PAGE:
“A group of Johns Hopkins University researchers has found a bug in the company’s vaunted encryption, one that would enable a skilled attacker to decrypt photos and videos sent as secure instant messages,” Ellen Nakashima reports for The Washington Post.
“This specific flaw in Apple’s iMessage platform likely would not have helped the FBI pull data from an iPhone recovered in December’s San Bernardino, Calif., terrorist attack, but it shatters the notion that strong commercial encryption has left no opening for law enforcement and hackers, said Matthew D. Green, a computer science professor at Johns Hopkins University who led the research team,” Nakashima reports. “Cryptographers such as Green say that asking a court to compel a tech company such as Apple to create software to undo a security feature makes no sense — especially when there may already be bugs that can be exploited.”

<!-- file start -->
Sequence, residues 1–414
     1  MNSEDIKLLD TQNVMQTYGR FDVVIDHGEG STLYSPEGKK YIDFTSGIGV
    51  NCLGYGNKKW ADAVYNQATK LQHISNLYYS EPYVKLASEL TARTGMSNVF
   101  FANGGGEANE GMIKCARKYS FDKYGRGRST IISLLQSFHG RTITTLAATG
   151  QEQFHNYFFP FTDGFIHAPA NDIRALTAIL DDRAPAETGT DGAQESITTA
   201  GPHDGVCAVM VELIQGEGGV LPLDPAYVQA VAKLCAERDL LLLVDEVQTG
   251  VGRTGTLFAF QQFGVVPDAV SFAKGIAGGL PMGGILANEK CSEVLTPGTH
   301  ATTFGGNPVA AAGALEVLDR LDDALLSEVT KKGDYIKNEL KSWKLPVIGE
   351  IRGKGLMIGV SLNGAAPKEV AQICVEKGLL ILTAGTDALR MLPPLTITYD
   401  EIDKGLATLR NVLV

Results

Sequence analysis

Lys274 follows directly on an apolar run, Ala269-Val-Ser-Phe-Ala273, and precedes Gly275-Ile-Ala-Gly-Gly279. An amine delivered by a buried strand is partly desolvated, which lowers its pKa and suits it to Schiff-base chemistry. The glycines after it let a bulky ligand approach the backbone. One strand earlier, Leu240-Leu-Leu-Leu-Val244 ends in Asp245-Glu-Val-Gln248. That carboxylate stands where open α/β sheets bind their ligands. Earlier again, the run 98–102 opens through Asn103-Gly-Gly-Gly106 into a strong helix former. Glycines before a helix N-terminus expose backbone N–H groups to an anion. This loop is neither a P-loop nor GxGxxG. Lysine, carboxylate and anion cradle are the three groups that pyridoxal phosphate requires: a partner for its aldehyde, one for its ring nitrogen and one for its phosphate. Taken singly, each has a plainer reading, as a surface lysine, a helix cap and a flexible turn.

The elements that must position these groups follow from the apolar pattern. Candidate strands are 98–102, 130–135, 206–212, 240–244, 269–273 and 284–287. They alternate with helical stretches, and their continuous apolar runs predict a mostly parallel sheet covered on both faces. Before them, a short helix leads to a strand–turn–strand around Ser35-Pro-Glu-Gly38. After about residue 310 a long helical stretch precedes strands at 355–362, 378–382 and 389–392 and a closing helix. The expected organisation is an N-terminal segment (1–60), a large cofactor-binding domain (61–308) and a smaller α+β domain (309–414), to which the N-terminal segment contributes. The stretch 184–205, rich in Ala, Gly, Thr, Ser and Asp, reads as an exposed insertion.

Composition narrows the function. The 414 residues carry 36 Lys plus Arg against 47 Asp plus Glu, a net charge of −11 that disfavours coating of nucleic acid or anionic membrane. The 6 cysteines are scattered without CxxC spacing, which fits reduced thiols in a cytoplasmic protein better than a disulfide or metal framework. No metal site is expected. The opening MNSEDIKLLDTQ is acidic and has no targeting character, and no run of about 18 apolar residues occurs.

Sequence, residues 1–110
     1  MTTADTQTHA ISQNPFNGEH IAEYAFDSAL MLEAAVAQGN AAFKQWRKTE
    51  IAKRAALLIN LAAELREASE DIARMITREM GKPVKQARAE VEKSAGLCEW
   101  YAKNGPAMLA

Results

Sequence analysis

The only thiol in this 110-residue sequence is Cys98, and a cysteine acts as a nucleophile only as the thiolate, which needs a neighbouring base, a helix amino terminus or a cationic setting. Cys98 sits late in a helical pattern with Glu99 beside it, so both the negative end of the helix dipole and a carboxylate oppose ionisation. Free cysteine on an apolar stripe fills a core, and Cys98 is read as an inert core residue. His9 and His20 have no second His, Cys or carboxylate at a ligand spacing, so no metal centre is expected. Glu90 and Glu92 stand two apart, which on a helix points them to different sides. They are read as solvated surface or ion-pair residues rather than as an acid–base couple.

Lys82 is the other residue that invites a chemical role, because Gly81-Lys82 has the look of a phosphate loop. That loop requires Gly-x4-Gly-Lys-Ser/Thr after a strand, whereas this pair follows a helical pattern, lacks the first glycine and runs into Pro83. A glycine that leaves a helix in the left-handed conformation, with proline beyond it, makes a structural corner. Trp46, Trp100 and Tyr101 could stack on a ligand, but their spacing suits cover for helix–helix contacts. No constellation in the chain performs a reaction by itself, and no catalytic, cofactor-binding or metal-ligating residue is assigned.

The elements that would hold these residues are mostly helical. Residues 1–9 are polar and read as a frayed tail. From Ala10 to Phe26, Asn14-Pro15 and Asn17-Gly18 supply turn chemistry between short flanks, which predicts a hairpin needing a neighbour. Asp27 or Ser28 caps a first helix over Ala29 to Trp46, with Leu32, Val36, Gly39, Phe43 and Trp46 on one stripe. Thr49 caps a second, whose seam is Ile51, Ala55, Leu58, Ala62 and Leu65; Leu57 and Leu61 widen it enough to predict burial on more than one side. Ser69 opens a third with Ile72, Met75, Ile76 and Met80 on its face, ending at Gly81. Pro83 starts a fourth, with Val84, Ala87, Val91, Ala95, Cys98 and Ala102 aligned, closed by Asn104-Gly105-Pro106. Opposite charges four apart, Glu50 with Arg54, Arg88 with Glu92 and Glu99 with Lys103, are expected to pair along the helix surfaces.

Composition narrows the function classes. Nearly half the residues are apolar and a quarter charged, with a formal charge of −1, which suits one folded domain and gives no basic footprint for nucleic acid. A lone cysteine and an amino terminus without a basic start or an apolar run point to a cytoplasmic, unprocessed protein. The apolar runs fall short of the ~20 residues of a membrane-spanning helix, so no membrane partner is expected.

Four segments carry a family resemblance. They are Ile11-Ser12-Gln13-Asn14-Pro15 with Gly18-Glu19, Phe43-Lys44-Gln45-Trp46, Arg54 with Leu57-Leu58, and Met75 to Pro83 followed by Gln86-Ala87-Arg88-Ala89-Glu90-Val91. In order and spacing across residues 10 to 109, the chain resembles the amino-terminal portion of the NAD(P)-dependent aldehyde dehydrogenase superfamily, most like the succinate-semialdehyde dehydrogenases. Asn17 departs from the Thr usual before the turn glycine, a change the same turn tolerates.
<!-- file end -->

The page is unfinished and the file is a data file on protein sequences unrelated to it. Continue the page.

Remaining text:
“‘Even Apple, with all their skills — and they have terrific cryptographers — wasn’t able to quite get this right,’ said Green, whose team of graduate students will publish a paper describing the attack as soon as Apple issues a patch. ‘So it scares me that we’re having this conversation about adding back doors to encryption when we can’t even get basic encryption right,'” Nakashima reports. “”
Read more in the full article here.
MacDailyNews Take: Every bug found is a bug that can be squashed.
Apple works hard to make our software more secure with every release. We appreciate the team of researchers that identified this bug and brought it to our attention so we could patch the vulnerability… Security requires constant dedication and we’re grateful to have a community of developers and researchers who help us stay ahead. — Apple’s statement to the Post
[Thanks to MacDailyNews Reader “Lynn Weiler” for the heads up.]